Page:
We’re pleased to announce our new, open source iOS tool for HTTP de
bugging – ResponseDetective.
How many times have you put an
NSLog inside a request completion callback? How many times have you used a breakpoint to check what headers and body are sent to your API service? Now, those are things of the past! We’re pleased to announce our new, open source iOS tool for HTTP debugging – ResponseDetective.
Sometimes things break – it’s normal and, when developing both a mobile app and its back-end API at the same time, it happens often. In such cases, it’s important to quickly examine what’s happening in your networking layer – what headers are sent and received and what payload comes in and out. Previously, you’d have to manually inject breakpoints and logs deep inside your API client implementation. This works, but it’s neither maintainable, nor extensible. Enter ResponseDetective. All you have to do is to set up the required interceptors, with a couple of lines of code, and inject an
NSURLProtocol into your session’s
ResponseDetective uses no private APIs and is just a fancy layer on top of
NSURLProtocol, a class which has existed since iOS 2.0 and is used by many request stubbing libraries. Turns out, if you’re using
NSURLSession, every time you execute an HTTP request, it asks each registered NSURLProtocol to perform it if they’re able to.
That’s where ResponseDetective comes in. It provides a subclass of
NSURLProtocol which first intercepts a request, performs it, and finally intercepts a response. And speaking of interceptors...
ResponseDetective doesn’t do anything by default. It’s you, the user, who decides how it works and what it intercepts. Want to print all outgoing JSON requests? No problem!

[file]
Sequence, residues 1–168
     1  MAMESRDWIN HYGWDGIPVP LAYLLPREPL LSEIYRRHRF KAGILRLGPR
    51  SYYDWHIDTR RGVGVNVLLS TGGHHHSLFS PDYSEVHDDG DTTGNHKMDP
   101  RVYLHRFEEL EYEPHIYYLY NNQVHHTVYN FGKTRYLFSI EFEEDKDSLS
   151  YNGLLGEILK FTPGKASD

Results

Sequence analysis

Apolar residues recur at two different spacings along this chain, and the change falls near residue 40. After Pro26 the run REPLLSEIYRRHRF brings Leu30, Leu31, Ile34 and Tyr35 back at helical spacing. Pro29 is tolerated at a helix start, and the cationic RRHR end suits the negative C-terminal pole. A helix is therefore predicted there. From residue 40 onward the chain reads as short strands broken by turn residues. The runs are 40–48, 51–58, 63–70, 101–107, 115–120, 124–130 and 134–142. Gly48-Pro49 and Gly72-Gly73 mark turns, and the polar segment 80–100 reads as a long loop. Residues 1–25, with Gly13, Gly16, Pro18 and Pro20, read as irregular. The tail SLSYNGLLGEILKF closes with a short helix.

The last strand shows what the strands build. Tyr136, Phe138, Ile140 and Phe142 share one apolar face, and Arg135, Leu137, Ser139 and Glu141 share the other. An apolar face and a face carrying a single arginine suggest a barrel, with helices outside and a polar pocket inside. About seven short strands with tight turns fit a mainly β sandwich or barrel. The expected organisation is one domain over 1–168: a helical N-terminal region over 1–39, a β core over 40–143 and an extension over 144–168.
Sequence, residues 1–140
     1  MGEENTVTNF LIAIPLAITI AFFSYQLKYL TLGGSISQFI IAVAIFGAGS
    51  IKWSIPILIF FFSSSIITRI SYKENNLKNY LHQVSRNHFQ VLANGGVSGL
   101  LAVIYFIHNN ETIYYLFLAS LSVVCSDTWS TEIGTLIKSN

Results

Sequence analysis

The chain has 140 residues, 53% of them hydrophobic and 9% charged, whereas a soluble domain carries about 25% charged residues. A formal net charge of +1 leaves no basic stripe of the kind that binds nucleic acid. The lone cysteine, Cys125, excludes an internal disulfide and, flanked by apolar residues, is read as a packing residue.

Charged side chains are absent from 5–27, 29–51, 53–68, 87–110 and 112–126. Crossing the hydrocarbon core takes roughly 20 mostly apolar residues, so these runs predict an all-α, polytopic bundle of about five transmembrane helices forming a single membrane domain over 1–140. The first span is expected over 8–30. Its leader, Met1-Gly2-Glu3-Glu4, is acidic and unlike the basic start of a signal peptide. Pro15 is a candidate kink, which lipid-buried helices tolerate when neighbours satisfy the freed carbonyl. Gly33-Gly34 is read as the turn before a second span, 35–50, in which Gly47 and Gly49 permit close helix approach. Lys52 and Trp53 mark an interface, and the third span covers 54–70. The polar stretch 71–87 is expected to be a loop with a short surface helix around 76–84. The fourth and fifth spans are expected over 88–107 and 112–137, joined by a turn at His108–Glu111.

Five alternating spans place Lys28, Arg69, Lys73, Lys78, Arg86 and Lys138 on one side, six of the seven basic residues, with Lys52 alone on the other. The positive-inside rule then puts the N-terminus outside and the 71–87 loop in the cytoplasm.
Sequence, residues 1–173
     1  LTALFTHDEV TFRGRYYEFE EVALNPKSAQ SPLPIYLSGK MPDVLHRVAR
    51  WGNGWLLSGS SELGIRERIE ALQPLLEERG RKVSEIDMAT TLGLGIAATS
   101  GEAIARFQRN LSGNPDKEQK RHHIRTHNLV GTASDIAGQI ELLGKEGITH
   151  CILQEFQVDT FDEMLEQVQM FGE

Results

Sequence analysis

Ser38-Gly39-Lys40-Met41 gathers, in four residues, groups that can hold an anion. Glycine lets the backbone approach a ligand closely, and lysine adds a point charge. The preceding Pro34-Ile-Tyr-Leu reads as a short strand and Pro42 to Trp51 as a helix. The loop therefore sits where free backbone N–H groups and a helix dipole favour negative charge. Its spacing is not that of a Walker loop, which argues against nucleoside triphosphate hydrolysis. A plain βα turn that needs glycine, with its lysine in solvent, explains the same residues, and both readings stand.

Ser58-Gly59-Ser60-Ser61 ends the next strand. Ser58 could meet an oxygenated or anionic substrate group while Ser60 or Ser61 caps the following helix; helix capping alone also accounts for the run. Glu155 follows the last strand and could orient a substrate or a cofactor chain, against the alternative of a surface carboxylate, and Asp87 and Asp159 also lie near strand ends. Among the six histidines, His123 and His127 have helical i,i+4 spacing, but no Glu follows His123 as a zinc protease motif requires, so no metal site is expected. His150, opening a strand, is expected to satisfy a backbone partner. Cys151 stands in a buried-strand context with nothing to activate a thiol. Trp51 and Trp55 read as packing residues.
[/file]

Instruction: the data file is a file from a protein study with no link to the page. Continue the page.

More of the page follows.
Want to save all XML responses dumps in an array? Here you go!
Maybe you’d like to make use of your awesome CocoaLumberjack installation? Nothing easier! Just implement your own output stream type and pass it as the
With a project this small, all APIs were supposed to be as simple as possible and we didn’t expect any obstacles. As you may guess, this wasn’t the case.
The first thing which caught our attention was the interface of
NSURLProtocol, which turned out to be, not instance-based, but class-based. For me, who sees shared mutable state as The Enemy™, it was a huge letdown. We had to rethink our APIs in terms of class methods instead.
In the beginning, we decided that our library would have no dependencies and would be written in pure Swift. It was all going well until we had to implement an XML prettifier on top of libxml.
Alright, let’s create a bridging header and
#import <libxml/tree.h> there!
It was at this moment that we recalled that Swift modules don’t support any static library connections. We had no other choice than to implement the prettifier in Objective-C (in violation of our stated goals) and export the function to Swift using a bridging header, which, by the way, should be impossible in framework targets.
Another thing that makes ResponseDetective different to other open source projects is its rethought setup.
Instead of including a demo app which would serve no particular purpose and would require recompilation each time the user wants to play with the framework, we decided to include a demo playground. This opened up a way to include rich documentation along with live code examples, which is the best way to introduce a framework to potential users.
Also, ResponseDetective takes advantage of pre-built Carthage dependencies. Result? Since Carthage doesn’t build the dependencies (unlike CocoaPods), we managed to achieve an all-time record – a forty-second build on our Continuous Integration servers.
ResponseDetective is a fresh project and there’s still a lot of work to do as we’re constantly coming up with new ideas and brainstorming improvements.
Last but not least, there is no open source without openness – if you have any comments, questions or ideas for improvements, feel free to open an issue and contribute to the project.